24 Abril 2017 16:09
Scientists have just proven that the idea that some drugs induce a 'heightened state of consciousness' is more than a hippy fairy tale.
In a study carried out by the University of Sussex and Imperial College, London, researchers used brain scans of volunteers who received LSD, ketamine or psilocybin – a compound found in magic mushrooms – to reveal that brains under the influence of these drugs had greater activity than normal.
The scans found the most notable effects in parts of the brain that are important for perceptions, rather than other roles such as language and movement. The result is what scientists expected, although it's still not clear how the change in brain activity affects consciousness.
'I think people would have the intuitive idea that their experience on psychedelic compounds is a bit more random, a bit less constrained, that there’s a mixing of the senses, and all kinds of connections that are experienced between things that are previously unconnected,' said Anil Seth, a professor of neuroscience at the University of Sussex.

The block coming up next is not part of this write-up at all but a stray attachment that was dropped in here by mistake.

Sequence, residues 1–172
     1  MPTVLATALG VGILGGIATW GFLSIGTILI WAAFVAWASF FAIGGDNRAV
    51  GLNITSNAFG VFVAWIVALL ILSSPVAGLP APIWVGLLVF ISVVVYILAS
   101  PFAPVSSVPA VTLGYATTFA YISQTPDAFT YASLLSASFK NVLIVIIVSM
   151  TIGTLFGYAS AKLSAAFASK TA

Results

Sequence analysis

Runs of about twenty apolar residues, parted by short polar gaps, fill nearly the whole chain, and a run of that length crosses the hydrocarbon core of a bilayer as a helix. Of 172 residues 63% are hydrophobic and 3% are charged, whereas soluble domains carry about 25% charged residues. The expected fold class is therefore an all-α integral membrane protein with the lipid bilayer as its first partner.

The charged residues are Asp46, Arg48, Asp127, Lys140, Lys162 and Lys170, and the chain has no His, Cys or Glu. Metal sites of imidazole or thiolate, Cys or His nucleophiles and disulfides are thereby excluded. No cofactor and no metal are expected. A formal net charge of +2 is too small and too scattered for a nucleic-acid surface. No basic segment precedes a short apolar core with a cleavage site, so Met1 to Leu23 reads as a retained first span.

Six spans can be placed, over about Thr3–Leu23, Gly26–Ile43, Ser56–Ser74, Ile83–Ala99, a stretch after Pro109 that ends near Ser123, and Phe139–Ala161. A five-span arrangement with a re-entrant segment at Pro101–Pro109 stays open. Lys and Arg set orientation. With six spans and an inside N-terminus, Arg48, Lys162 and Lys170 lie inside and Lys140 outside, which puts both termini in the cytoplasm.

'People tend to associate phrases like "a higher state of consciousness" with hippy speak and mystical nonsense,' said Robin Carhart-Harris, a researcher at Imperial College who took part in the study. 'This is potentially the beginning of the demystification, showing its physiological and biological underpinnings. Maybe this is a neural signature of the mind opening.'
As well as confirming what hippies have known since the 60s, this research could help scientists understand which neural activity corresponds to different levels of human consciousness.
It is also hoped that by understanding how people respond to the drugs, doctors can more accurately predict which patients might benefit from having psychedelic drugs to treat mental disorders, such as depression.
'The evidence is becoming clear that there is a clinical efficacy with these drugs,' said Seth. 'We might be able to measure the effects of LSD in an individual way to predict how someone might respond to it as treatment.'
[Via The Guardian]